Williams: The Alabama Tribute at Gaineswood And The Marian Gallaway
Monday, March 2, 2015
Gaineswood in Demopolis
During his courtship of Edwina
Dakin, Tennessee Williams's mother of Columbus, Ms., Gaius Whitfield
sent her a postcard of Gaineswood, his ancestral home in Demopolis,
noting in the margins: "Am sorry I didn’t get to see you again
before I left."
Though the courtship did not
blossom into marriage, Gaius entered theatrical history as a role
model for one of the "gentleman callers" that matriarchal Amanda
Wingfield recalls in "The Glass Menagerie."
the direction of Allison Hetzel, University of Alabama Theatre
students present excerpts from "Menagerie" and other Williams plays
such as "Cat on a Hot Tin Roof" in the grand drawing room of
Gaineswood with introductions by members of the Canebrake Players
and a keynote address by Dr. Ken Holditch, author of "Tennessee
Williams and the South" and a professor emeritus of the University
of New Orleans. For more background, read the
Tennessee Williams/Alabama Tribute
The event is presented and
sponsored by the Southern Literary Trail, the University of Alabama
Department of Theatre and Dance, Friends of Gaineswood, and the
Canebrake Players. Additional support is provided by the Demopolis
Public Library, Marengo County Historical Society, the Marengo
County History and Archives Museum, Two Rivers Arts Council and the
Tiger Arts Guild at Demopolis High School with grant funding by the
Alabama Humanities Foundation, a state agency of the National
Endowment for the Humanities (NEH).
Place: Gaineswood in Demopolis,
805 So. Cedar Avenue
Day and Time: Monday, March 2, 2015, at 6 p.m.
Information: Call Gaineswood at 334.289.4846
Williams: The Alabama Tribute at Gaineswood and the Marian Gallaway
Tuesday, March 3, 2015
The Marian Gallaway Theatre at The University of Alabama
Upon leaving the University of
Iowa, where he was a student of theatrical arts, Tennessee Williams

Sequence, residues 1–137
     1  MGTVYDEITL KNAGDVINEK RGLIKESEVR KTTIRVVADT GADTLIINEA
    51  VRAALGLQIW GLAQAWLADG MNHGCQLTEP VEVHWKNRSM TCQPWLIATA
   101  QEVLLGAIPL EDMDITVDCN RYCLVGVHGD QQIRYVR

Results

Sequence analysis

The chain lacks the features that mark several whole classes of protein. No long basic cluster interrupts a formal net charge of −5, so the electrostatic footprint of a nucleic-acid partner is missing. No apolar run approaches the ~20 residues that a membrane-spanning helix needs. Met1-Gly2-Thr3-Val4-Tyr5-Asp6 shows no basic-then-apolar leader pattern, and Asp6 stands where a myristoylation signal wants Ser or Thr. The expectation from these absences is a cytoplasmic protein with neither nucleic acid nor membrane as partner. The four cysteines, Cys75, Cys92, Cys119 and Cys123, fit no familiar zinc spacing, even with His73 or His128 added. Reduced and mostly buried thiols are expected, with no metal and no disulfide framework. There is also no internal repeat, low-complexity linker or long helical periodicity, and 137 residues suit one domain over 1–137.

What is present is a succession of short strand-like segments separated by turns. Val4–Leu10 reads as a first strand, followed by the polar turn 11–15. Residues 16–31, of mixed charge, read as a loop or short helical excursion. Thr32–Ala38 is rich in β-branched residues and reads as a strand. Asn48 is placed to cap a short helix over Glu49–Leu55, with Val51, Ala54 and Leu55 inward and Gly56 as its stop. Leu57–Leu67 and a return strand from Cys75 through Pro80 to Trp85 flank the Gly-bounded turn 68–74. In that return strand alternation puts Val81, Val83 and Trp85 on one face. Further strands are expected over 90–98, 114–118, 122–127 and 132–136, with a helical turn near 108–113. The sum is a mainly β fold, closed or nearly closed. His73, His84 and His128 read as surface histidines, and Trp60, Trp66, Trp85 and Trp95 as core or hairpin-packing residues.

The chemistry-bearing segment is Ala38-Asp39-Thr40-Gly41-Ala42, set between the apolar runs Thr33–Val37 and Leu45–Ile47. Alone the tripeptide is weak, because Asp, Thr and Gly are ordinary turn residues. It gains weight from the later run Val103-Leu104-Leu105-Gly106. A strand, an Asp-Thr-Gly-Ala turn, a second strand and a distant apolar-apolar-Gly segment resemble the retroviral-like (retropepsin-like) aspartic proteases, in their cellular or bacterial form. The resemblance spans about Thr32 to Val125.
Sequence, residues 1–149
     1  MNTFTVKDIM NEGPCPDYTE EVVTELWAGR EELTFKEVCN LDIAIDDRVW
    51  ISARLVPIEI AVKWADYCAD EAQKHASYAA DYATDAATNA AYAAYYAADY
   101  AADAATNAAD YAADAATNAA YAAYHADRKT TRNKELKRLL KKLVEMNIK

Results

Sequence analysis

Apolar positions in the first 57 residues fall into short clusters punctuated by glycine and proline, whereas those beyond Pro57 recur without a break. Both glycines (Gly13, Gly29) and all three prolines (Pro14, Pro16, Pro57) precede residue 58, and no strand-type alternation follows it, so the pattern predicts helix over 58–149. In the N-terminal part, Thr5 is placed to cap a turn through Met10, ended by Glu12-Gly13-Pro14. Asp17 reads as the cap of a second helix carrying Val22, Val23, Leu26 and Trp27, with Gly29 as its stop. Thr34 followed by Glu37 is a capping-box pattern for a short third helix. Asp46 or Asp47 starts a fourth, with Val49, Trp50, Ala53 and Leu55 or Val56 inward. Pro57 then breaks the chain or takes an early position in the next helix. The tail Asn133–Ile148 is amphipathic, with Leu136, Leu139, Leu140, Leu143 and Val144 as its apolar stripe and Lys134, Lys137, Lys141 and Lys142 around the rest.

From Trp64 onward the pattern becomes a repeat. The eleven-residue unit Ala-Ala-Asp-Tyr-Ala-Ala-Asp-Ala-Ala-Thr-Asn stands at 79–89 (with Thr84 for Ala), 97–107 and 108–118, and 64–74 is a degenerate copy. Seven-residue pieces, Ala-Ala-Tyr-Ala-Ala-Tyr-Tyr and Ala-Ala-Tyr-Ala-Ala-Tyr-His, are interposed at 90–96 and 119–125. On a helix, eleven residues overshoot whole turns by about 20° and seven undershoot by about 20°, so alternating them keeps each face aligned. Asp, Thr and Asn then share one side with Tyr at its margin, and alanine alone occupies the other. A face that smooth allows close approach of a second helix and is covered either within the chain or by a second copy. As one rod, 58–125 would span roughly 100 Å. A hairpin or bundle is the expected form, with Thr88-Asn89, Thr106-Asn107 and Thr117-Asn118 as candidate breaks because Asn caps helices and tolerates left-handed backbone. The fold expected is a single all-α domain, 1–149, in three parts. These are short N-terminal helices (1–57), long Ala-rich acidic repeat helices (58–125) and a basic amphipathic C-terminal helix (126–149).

wrote that he left Iowa City with "a great deal more theatre
knowledge than I had brought there," thanks to his friendship with
Marian Gallaway. He became the acclaimed playwright of Cat on a
Hot Tin Roof and A Streetcar Named Desire. She defied
the boys' club atmosphere of college campuses during the 1940s and
50s to establish the Department of Theatre at the University of
Alabama where she became known as the unstoppable "Doc Gallaway." At
with a budget of only $2000.00 annually, "Doc" even made the
costumes and wigs for every performance. For more background,
visit the Tennessee Williams/Alabama
Gallaway never kept her
enduring friendship with Williams a secret, even dazzling her
students with claims that she inspired Blanche in Streetcar.
The playwright did use her last name, repeatedly, and Doc's persona
for characters in several plays. For this special presentation in
the Theatre named for Marian Gallaway in 1976, contemporary UA
students under the direction of Allison Hetzel perform excerpts from
the plays of Tennessee Williams. Dr. Ed Williams, who knew and
worked with "Doc," and Dr. Ken Holditch, who knew Tennessee, share
commentaries and reflections on Gallaway and Williams.
This event is presented by the
University of Alabama Department of Theatre and Dance in
collaboration with the Southern Literary Trail for Trailfest 2015
with grant support from the Alabama Humanities Foundation, a state
agency of the National Endowment for the Humanities (NEH).
Place: The University of
Alabama's Marian Gallaway Theatre
Address: Rowland-Johnson Hall on Stadium Drive, near the
intersection of Marrs Spring Rd. (Parking in the ten Hoor Parking
Time: 7:30 p.m.
Info: Call the Theatre box office at 205.348.3400.